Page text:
Qualitative Sociology Review
Volume VII Issue 2
is a Sociologist at the University of Waterloo, Canada. A symbolic interactionist and ethnographer, Robert Prus has been examining the conceptual and methodological connections of American pragmatist philosophy and its sociological offshoot, symbolic interactionism, with Classical Greek and Latin scholarship.
is an Assistant Professor of Sociology at California State University, Chico. He has teaching and research interests in several areas of sociology, including criminology, deviance, gender, and the sociology of sport. His current research projects include an examination of political crime and a study of inmate-on-inmate sexual assault.
is a Doctoral Candidate in the Department of Sociology at the University of Oregon. His areas of interest are social movements, political sociology, social theory, and political economy. He is currently examining the anti-globalization, anti-war, and immigrant rights movements as an anti-neoliberal protest wave in the United States. In addition, he is working on a synthesis of neo-Marxist class analysis and identity theory. He also completed a Master's degree in sociological practice at California State University, San Marcos, where his research focused on the impact of identity construction and salience on social movement participation.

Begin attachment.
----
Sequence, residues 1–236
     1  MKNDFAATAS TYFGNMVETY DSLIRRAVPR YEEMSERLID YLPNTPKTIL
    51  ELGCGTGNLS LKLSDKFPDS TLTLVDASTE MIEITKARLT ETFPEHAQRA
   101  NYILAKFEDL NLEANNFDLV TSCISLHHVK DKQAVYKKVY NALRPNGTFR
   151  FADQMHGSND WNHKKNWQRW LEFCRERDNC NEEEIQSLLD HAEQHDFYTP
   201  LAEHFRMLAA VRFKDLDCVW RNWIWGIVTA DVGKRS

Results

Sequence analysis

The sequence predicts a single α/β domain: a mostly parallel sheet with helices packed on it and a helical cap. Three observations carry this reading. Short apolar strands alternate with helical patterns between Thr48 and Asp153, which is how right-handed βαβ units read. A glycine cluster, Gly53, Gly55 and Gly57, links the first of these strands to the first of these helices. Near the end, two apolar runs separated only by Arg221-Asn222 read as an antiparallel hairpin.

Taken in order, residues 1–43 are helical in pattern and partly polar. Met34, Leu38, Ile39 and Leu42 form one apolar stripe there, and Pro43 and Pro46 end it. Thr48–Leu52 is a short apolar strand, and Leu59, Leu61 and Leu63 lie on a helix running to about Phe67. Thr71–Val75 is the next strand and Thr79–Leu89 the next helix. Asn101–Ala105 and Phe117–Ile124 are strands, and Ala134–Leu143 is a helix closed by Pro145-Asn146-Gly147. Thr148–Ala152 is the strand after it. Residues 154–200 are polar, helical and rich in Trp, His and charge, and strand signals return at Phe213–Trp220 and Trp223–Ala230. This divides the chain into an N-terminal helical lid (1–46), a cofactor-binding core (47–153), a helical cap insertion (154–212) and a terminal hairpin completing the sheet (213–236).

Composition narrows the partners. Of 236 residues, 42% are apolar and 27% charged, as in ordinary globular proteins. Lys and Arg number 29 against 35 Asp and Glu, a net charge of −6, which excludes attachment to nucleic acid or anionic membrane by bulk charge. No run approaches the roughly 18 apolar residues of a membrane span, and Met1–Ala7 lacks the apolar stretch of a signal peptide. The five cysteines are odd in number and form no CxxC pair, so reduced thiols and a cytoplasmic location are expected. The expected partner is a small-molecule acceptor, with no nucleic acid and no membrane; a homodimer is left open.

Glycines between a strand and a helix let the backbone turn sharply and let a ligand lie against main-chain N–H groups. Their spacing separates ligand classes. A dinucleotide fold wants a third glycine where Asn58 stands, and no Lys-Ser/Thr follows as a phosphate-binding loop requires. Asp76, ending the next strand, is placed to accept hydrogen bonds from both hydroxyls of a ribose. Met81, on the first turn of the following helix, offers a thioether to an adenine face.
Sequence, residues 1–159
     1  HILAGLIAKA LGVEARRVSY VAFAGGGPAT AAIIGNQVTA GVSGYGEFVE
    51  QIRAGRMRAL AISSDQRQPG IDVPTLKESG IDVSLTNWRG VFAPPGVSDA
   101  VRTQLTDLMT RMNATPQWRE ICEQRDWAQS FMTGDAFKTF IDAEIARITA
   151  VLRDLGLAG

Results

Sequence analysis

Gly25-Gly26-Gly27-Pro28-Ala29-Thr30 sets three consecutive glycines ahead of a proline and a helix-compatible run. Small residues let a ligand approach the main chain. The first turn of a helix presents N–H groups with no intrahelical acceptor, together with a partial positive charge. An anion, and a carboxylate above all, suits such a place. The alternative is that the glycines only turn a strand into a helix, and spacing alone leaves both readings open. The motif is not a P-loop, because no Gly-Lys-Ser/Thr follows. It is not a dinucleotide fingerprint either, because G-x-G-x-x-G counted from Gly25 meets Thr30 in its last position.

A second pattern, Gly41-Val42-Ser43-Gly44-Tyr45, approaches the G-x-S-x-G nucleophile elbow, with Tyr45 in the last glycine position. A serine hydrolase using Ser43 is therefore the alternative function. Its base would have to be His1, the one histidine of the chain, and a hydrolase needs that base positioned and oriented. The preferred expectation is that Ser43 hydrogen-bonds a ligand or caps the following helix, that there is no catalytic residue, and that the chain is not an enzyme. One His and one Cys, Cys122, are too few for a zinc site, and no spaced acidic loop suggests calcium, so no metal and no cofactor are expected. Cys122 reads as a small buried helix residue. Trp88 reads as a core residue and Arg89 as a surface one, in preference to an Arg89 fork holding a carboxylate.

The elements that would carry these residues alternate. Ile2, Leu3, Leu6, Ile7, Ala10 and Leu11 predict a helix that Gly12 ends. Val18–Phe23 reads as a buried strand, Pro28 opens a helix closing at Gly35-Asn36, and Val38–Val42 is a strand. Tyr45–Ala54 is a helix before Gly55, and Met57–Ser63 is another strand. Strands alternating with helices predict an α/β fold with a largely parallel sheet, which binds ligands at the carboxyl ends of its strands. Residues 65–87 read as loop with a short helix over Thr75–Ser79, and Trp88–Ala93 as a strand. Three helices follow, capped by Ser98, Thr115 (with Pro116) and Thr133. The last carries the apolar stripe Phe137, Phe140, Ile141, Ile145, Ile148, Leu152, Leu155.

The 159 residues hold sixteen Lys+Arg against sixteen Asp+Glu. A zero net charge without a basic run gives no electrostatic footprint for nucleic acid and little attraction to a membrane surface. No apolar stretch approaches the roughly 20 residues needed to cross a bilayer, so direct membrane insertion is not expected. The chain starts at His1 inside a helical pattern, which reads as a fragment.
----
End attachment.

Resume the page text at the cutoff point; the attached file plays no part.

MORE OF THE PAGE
works at the Institute of Sociology, Adam Mickiewicz University in Poznań, Poland; main areas of research: sociological aspects of travel and tourism, mobile media and social networks, social capital
is a PhD student at the Faculty of Educational Studies at the University of A. Mickiewicz. As part of his doctoral dissertation he conducts research on visual behaviour of teenagers during their interactions with media. During the data collection he uses a method of eye tracking.
Lina Hoel Felde
conducts research at the University of Southern Denmark. Her research interests include people’s identity work (as an analytic vocabulary) within discursive tensions particularly related to medical environments. This interest works in step with a tight focus on methodological issues, for example, methodological discussions of the applicability of certain analytic vocabularies in order to critically discuss empirical, analytic points. This interplay of methodological discussions and empirical points reveals in her PhD dissertation within medical sociology called “Identity Work among People with Elevated Cholesterol – The Everyday Elasticity of Compliance with Medical Regimens”, which demonstrates a reflexive critique of the medical concept of compliance. She is trained as a Sociologist and MD.